What are ceremonies, generally speaking? Why do we have them? When do we have them? What do they accomplish, if anything?
These questions were brought clearly to my mind when my client, in her collaborative divorce matter, informed me, just before we signed the marital settlement agreement, that she wanted to bring the team together one last time for that purpose, and, more importantly, because she wanted to “perform a ceremony.”
We had not planned to meet again for the signing. Sometimes we do in my collaborative matters, and we certainly do if there are any other tweaks to the agreement that must be made. But if the deal is done, the clients usually want to save the expense of bringing everyone together for that sole purpose.
This was, apparently, a special occasion.
She forbade me from telling anyone why. Naturally, when we next convened, we professionals skipped our pre-brief. They were all stymied, as appeared to be her soon-to-be-ex-husband, who, nevertheless, was there, bewildered but with a smile on his face.
Ceremonies mark important moments in our lives, helping us to better adjust to change. We have weddings, baptisms, Bar Mitzvahs, funerals, all of which mark hugely life-changing events. So why would your divorce be any different? You are not celebrating the end of the relationship; instead, you are memorializing the beginning of the rest of your lives apart from each other. Doing so doesn’t make a mockery of what you had together; instead, it marks how your relationship will be changed going forward.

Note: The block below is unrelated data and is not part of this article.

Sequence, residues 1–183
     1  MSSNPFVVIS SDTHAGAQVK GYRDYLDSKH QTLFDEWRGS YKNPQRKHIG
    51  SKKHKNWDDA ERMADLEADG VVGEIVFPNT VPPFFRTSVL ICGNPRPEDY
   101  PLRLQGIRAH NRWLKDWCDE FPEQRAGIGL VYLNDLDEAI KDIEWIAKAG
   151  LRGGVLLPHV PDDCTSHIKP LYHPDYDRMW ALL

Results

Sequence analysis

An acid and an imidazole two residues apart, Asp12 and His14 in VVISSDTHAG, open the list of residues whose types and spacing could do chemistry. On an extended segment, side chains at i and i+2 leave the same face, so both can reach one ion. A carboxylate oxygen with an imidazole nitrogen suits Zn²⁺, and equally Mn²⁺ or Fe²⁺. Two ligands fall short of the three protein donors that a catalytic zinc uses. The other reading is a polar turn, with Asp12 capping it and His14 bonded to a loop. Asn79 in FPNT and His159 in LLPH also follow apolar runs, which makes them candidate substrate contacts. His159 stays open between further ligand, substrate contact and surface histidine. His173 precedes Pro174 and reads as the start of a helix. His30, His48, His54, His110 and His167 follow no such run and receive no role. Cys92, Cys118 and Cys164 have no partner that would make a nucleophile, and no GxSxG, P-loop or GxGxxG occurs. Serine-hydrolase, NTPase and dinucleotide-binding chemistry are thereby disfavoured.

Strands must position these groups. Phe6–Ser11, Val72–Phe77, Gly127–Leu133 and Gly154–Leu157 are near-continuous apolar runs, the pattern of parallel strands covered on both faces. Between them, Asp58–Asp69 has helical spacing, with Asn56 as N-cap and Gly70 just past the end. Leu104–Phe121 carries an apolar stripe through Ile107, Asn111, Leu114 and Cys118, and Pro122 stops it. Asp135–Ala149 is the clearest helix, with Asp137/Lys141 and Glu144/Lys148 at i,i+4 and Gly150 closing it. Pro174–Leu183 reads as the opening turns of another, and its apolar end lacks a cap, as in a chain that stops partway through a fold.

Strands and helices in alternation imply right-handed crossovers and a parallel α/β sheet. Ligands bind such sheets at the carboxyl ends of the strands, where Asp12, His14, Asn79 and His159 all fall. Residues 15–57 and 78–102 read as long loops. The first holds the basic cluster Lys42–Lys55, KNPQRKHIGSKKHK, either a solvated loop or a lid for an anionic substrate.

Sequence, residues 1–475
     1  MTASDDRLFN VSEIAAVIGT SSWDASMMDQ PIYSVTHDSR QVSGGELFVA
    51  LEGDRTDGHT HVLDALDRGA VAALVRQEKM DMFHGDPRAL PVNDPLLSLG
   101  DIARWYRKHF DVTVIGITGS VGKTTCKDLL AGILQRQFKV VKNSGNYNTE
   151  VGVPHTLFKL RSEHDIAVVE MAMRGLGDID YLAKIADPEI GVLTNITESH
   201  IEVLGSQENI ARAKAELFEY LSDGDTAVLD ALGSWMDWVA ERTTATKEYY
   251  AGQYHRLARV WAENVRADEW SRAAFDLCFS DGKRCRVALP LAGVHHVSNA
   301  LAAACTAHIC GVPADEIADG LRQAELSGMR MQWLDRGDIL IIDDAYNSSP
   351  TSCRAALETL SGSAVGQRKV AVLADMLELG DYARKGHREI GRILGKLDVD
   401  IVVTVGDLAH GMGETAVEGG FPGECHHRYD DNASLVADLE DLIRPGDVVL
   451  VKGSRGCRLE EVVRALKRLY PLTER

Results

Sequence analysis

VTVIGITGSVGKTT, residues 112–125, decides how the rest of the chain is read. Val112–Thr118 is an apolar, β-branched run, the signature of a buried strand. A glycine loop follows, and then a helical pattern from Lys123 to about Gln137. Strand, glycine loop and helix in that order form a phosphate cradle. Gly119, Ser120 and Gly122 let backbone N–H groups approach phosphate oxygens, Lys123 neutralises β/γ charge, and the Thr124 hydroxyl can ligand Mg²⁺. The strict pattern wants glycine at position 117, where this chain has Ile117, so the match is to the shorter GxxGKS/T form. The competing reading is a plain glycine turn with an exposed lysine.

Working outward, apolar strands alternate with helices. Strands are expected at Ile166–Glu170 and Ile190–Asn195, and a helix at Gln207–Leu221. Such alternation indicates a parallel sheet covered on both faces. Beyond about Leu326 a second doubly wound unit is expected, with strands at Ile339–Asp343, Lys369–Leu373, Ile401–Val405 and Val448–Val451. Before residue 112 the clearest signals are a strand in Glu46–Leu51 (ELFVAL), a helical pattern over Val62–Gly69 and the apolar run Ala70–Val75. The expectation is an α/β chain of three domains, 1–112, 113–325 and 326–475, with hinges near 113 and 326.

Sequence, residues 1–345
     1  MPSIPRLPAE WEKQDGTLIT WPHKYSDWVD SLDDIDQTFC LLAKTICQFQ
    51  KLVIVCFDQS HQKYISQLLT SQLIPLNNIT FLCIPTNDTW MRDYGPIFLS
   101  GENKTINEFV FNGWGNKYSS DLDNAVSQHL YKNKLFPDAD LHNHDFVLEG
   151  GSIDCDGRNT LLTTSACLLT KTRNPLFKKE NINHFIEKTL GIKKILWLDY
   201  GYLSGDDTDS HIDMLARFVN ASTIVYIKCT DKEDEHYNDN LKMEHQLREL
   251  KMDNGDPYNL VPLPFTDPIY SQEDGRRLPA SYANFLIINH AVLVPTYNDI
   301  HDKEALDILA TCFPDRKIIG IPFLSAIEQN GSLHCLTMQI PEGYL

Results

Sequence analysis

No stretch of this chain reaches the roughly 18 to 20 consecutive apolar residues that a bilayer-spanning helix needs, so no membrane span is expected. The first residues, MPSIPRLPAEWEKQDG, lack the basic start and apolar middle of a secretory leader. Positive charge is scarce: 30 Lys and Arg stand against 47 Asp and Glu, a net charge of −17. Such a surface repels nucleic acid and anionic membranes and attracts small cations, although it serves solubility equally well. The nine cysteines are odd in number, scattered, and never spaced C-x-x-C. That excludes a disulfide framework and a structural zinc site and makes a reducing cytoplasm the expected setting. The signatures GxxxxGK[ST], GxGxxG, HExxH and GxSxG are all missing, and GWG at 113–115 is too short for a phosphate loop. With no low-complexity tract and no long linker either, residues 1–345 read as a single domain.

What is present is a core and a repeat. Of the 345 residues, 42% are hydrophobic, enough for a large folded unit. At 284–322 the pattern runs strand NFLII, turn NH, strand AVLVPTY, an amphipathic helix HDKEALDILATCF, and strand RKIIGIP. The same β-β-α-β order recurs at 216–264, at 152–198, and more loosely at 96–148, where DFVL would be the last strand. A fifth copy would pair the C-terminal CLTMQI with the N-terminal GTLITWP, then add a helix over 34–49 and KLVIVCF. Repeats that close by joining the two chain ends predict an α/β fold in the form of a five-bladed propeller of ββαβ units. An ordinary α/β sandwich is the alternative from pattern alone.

Ceremonies are important to us as human beings because they contribute to our psychological stability, our sense of identity, and our personal sense of self worth. They reassure us of life’s purposes.
If you include ceremony in your divorce process, you recognize that your lives have changed, and, although divorce is difficult, it’s time to move on, to begin afresh, and to find happiness again. It’s time to realize that you are your own unique, wonderful individual person, not just part of a couple. It helps you to remember what you value as important in your new life, as well as the person you’ve become through both your marriage and this life-altering experience, your divorce.
A ceremony allows us to acknowledge a transition or a rite of passage, whether a new beginning, or the conclusion to a period of time in our lives. As a wedding begins a union, a divorce ends it. A ceremony may help you to gain the closure that you need to move on. While you’re no longer husband and wife, you may be co-parents, or at least value what you had and wish to remain cordial going forward.
Divorce: A New Beginning
So my client had told me beforehand how she wanted the participants seated. She joined us in the conference room last. She, too, was smiling. She had a cardboard box, from which she pulled a gorgeous, woven table runner. As she did, she informed us all that this had been on their formal dining room table for years; it had been gifted to her by her husband while they were pregnant with their first child, now 25 years old. Then she pulled out two candlesticks. These, she informed us, were brand new, gifted to her by that same child after the clients separated. She placed candlesticks in them and lit the candles.